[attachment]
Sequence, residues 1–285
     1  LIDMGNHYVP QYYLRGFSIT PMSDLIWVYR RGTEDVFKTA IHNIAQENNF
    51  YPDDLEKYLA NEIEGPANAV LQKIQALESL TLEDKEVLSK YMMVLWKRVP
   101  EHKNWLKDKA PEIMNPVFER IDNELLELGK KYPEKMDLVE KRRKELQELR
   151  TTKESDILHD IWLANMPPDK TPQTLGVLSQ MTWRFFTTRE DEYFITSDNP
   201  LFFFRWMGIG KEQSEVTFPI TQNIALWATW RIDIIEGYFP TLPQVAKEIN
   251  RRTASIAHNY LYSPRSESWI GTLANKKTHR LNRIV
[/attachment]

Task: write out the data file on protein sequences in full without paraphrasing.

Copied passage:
Sequence, residues 1–285
     1  LIDMGNHYVP QYYLRGFSIT PMSDLIWVYR RGTEDVFKTA IHNIAQENNF
    51  YPDDLEKYLA NEIEGPANAV LQKIQALESL TLEDKEVLSK YMMVLWKRVP
   101  EHKNWLKDKA PEIMNPVFER IDNELLELGK KYPEKMDLVE KRRKELQELR
   151  TTKESDILHD IWLANMPPDK TPQTLGVLSQ MTWRFFTTRE DEYFITSDNP
   201  LFFFRWMGIG KEQSEVTFPI TQNIALWATW RIDIIEGYFP TLPQVAKEIN
   251  RRTASIAHNY LYSPRSESWI GTLANKKTHR LNRIV